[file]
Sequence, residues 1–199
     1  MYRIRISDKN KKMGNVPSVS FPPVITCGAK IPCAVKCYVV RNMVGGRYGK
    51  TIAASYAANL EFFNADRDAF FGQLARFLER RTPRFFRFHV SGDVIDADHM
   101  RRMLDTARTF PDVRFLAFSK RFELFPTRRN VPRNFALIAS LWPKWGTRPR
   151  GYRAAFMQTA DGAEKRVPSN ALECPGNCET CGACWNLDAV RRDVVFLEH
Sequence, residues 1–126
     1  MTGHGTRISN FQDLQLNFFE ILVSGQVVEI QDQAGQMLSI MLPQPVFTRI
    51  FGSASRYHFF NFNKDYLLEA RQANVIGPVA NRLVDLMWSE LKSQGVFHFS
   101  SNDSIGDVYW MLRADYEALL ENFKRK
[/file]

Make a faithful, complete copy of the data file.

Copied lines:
Sequence, residues 1–199
     1  MYRIRISDKN KKMGNVPSVS FPPVITCGAK IPCAVKCYVV RNMVGGRYGK
    51  TIAASYAANL EFFNADRDAF FGQLARFLER RTPRFFRFHV SGDVIDADHM
   101  RRMLDTARTF PDVRFLAFSK RFELFPTRRN VPRNFALIAS LWPKWGTRPR
   151  GYRAAFMQTA DGAEKRVPSN ALECPGNCET CGACWNLDAV RRDVVFLEH
Sequence, residues 1–126
     1  MTGHGTRISN FQDLQLNFFE ILVSGQVVEI QDQAGQMLSI MLPQPVFTRI
    51  FGSASRYHFF NFNKDYLLEA RQANVIGPVA NRLVDLMWSE LKSQGVFHFS
   101  SNDSIGDVYW MLRADYEALL ENFKRK